The house looked like this when built:
Original rear decks.
Long view of original west elevation.
Here is what it looks like today with work in progress:
Stucco is removed; decks and original greenhouse are gone.
Plywood protects openings that led to original greenhouse.
Orignal multi-level decks are removed.
Here are our drawings for the redesigned project:
Perspective showing original house in background, new atrium (replacing greenhouse) on left,
new guest house on right., new deck in foreground.
New exterior elevations. Completed house will be Wisconsin limestone and stucco.
Main level floor plan with new additions shaded.
The original house won a MAME award for House of the Year and was published in The Rocky Mountain News
The Rocky Mountain News. 
We are aided in this effort by interior architect Claus Ranemacher, New York City. The structural engineer is Foothills Engineering, Boulder, Colorado. The builder is Mark Manley, Golden, Colorado. 

Updates of the finished project will appear on this blog in 2013.

Sunday, September 16, 2012

Renaissance Architecture of the Air

Renaissance architects manipulated architecture for sensory pleasure and intellectual delight.
Filippo Brunelleschi, architect.
One of the intents of Renaissance architecture was to control the perception of space through the arrangement of mass.The key word here is perception. To Michelangelo, Brunelleschi, and Palladio, architecture was not about picture-perfect images. It was about the perception of space in real life.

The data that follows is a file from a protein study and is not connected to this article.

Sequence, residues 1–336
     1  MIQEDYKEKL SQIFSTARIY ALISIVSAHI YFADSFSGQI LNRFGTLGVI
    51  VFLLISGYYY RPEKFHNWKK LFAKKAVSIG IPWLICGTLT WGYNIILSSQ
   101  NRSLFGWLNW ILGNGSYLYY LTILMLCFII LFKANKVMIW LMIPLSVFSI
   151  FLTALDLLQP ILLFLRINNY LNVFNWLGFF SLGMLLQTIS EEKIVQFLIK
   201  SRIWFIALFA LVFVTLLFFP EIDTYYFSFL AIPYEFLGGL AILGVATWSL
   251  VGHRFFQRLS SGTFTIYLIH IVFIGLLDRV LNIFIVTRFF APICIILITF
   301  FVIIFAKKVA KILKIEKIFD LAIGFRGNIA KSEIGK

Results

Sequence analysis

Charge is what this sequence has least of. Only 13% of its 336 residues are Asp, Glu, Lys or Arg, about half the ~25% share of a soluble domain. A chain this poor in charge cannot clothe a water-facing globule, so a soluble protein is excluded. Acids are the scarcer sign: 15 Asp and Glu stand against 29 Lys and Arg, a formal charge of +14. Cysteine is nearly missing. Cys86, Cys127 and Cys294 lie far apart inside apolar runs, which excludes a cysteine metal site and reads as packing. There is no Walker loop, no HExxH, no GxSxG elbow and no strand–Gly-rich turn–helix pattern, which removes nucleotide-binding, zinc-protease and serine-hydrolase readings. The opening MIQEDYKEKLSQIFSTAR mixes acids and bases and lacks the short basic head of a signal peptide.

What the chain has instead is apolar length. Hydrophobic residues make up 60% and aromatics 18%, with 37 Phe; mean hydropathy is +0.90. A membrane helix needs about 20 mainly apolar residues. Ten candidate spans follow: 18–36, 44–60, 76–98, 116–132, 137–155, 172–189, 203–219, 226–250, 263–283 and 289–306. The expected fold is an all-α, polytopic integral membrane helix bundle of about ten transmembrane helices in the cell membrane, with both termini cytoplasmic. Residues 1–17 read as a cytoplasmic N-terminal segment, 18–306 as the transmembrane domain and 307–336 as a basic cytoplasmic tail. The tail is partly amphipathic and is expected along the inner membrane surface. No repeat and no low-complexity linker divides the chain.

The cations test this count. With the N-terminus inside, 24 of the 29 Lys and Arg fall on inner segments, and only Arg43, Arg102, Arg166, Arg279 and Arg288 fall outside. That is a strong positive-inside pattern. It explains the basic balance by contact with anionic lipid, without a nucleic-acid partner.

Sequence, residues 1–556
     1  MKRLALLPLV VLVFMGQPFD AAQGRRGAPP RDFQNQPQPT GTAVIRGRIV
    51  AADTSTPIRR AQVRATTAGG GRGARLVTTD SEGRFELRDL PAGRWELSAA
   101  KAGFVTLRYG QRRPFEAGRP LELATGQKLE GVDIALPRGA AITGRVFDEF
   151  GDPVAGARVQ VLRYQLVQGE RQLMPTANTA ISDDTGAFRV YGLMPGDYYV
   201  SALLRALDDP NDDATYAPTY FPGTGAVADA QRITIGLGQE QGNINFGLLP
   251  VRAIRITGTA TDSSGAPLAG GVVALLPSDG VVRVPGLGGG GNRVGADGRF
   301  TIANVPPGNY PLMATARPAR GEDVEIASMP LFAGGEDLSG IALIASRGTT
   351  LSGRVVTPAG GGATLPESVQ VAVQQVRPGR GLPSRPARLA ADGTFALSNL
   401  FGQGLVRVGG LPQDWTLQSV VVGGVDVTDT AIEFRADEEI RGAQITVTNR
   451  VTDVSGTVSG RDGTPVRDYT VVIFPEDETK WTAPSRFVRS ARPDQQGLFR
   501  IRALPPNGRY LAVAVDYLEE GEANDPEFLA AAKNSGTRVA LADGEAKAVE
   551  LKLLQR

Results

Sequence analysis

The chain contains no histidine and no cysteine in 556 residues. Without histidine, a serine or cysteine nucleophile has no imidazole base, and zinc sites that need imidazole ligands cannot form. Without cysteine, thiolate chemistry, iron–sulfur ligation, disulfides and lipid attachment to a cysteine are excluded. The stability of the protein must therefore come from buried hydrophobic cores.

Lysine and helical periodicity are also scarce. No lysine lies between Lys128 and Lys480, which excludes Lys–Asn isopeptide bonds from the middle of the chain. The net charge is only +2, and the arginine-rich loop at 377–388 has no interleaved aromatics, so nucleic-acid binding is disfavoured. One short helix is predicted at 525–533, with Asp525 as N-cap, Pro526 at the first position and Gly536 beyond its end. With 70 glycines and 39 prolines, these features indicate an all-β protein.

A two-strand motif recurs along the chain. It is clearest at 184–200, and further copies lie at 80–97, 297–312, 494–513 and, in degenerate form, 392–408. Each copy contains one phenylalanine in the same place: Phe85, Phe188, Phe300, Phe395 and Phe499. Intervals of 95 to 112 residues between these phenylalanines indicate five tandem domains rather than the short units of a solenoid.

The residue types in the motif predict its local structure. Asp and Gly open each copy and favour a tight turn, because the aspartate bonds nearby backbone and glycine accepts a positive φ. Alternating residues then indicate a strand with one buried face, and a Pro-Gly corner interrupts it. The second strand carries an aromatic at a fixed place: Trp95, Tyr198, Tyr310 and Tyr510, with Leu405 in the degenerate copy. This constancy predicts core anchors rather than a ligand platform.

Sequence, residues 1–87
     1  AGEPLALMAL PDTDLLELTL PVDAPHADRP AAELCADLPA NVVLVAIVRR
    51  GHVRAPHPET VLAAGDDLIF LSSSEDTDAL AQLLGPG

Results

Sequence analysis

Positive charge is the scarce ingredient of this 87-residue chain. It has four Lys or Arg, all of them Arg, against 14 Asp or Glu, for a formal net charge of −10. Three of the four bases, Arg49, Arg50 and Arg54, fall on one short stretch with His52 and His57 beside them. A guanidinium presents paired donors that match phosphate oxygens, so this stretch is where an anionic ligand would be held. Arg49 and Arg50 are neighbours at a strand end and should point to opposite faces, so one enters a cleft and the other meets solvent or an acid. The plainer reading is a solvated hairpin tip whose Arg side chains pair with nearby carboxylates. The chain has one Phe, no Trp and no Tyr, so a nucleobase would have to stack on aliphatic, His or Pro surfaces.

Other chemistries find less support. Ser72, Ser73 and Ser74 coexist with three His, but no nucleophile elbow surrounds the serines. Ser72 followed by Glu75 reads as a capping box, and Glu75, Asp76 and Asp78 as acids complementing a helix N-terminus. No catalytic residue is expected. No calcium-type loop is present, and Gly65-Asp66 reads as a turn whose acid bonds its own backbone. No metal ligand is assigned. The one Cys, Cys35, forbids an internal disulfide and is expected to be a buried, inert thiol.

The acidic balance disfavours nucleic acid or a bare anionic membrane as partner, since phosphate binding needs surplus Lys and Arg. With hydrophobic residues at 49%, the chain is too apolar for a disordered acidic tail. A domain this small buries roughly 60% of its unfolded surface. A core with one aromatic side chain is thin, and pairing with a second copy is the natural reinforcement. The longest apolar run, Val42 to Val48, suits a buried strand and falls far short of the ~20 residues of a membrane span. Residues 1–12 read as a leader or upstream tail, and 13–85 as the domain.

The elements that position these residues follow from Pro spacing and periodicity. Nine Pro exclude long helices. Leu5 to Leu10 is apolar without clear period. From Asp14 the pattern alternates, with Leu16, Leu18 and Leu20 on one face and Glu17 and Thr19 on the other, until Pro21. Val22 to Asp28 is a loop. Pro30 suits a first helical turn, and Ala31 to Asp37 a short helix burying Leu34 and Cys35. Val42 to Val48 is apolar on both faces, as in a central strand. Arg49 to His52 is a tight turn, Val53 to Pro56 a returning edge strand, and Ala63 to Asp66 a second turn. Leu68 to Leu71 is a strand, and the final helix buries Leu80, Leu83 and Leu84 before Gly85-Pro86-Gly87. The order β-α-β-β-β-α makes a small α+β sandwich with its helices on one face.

Brunelleschi's dome, Florence, Italy.
A recent article by Gregory Karp in the Chicago Tribune indicates this philosophy of space - dating to at least the renaissance in architecture - is now understood by those who design the interiors of airplanes. 
Boeing Sky Interior.
New airplanes are being outfitted with interiors that address the perception of space in environments normally perceived as cramped and claustrophobic. Even in coach, the new Boeing 737 planes, for example, "are likely to have the Boeing Sky Interior," reports Karp, "which evokes a greater sense of space." Boeing's regional director in Chicago, Kent Craver, cites this as "a step change in our interior philosophy" because passengers have an emotional reaction to the airplane simply based on the way it looks. BINGO! That is what Renaissance architects knew about space five centuries ago. 

Monday, July 30, 2012

New York Architecture

Soaring and very minimalist for the times.
Certain cities have their image inextricably woven into a particular architectural style and time. Paris with the belle epoch. Los Angeles with mid-century modern. Chicago with prairie style. With New York it is the art deco period -- the style of the Chrysler Building, the Empire State Building, and Rockefeller Center. This is also the style of the jazz age, Nick and Nora Charles, and innumerable movie sets. It persists to this day as shorthand for the city. If a marketing campaign wants to be New Yorky it will likely employ art deco lettering and architectural icons from the period.
Rockefeller Center is a suite of buildings that form an
outdoor living room for New York City.
On a recent visit to New York I delighted once again in the apogee of late art deco indulgence: Rockefeller Center. It may be one of the most under-appreciated achievements in modern architecture; its lessons have been so widely disseminated that we take them for granted. Rockefeller Center is remarkable for its unremarkablness. But at the time of its construction it was a marvel of modernity. A miracle, really, in stone and steel.
The least possible amount of decoration....
...executed in the simplest manner.